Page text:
Health care: an information business
Africa is technologically advanced in several areas, but woefully unprepared for technologies that could revolutionise its health care.
The Health Informatics Training and Research in East Africa for Improved Health Care Programme (HI‐TRAIN) aims to do something about this. The programme has received funding under Norad’s capacity-building programme NORHED (Norwegian Programme for Capacity Development in Higher Education and Research for Development).
HI-TRAIN brings together specialists in the fields of public health and informatics from the University of Bergen (UiB), Makerere University in Uganda and Moi University in Kenya.
Although countries in East Africa are ahead in large‐scale Electronic Health Record Systems (EHRs) rollout, they remain far behind when developing the workforce needed to run such systems.
The three universities will work to help prepare the region for the potential that lies in EHRs. The three partners had their first meeting at UiB in mid October.
The HI-TRAIN programme is to provide Masters and PhD level training in Health Informatics (HI) and research with focus on health professionals and computer science personnel to help them become HI faculties at their institutions. The goal is to develop self-sustainable and replicable HI training and research programmes by the end of a five‐year grant period.
“The use of paper forms is the norm in most African countries, both in health care and in research. In a health clinic, for instance, you commonly start with a blank sheet of paper every time a child comes in. The information is seldom stored at all,” explains Professor Thorkild Tylleskär from UiB’s Centre for International Health, which recently celebrated its 25th anniversary. “This might be OK for simple conditions like colds, coughs and pneumonia. But not for treating HIV.”
Tylleskär has long been a champion of the use of information and communications technology in health care and health research.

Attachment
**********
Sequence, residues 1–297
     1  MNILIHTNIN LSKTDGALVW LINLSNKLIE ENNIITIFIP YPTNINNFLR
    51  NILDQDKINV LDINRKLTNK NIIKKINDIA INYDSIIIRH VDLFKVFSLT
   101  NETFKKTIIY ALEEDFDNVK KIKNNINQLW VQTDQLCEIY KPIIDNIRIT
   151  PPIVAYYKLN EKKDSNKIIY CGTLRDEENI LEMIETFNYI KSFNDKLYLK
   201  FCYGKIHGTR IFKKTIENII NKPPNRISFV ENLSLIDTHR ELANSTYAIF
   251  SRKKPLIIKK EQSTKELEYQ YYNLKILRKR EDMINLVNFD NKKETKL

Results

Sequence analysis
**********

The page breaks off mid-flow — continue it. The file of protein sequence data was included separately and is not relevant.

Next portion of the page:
Medical personnel relentlessly collect, record and process data through patient history, physical examinations, by analysing their findings, deciding on treatments, and producing orders and reports. Unsurprisingly, good patient care relies on this information being available and that it is of high quality. In addition, good health information improves policymaking and helps the development of new health programmes.
“Having a system which can give you a better sense of who is doing what and when allows you also to improve governance and properly create an integrated health system,” explains Dr. Martin Chieng Were, Chief Medical Information Officer, AMPATH-Moi University.
A new field
Many countries in sub-Saharan Africa are now spearheading large‐scale rollout of Electronic Health Record Systems. Kenya, for example, will roll out a centralised system at 600 sites across the country by the end of next year. Uganda is currently evaluating different systems for a national roll‐out.
“The technology exists but few are using it in the field of health. There is a huge potential in improving health care and health research and that is why I find this project so exciting. My role is to pull people into exploiting this potential,” says Tylleskär.
With a special focus on attracting women and marginalised populations, the programme will result in 70 Master graduates and eight new PhDs. Moi University School of Medicine will serve as the foundation for the Masters and PhD programmes.
The setting for practical health informatics training will be with the Academic Model Providing Access to Health Care (AMPATH) program at Moi University. This care program serves a catchment area of 3.5 million people in Western Kenya, offering comprehensive primary, HIV and chronic disease care.
“Makerere and Moi are two of the leading institutions in health and computer science in the region. The longstanding collaboration between Makerere and the University of Bergen and Bergen’s expertise in informatics and public health makes us natural partners,” says Dr. Were.
Collaboration is vital
HI is a relatively new field and establishing credible programmes involves collaboration between multiple departments.
“The Department of Informatics and the Centre for International Health have collaborated for some time. We are looking forward to this collaboration. We do not have a Masters programme in Health Informatics, but this collaboration might lay the foundation for such a programme in Bergen,” says Associate Professor Khalid Azim Mughal at UiB’s Department of Informatics.
A new HI workforce includes a whole range of new professional categories, from specialised programmers and data managers, to medical information officers and regional and national HI coordinators, monitoring and evaluation specialists. There is also a need for developing capacity to address privacy and data security issues in this area.
“We believe that Health Informatics can improve the service delivery of health care in Africa where we often have personnel and infrastructure constraints,” adds Peter Khisa Wakholi, Lecturer at the Department of Information Systems at Makerere University.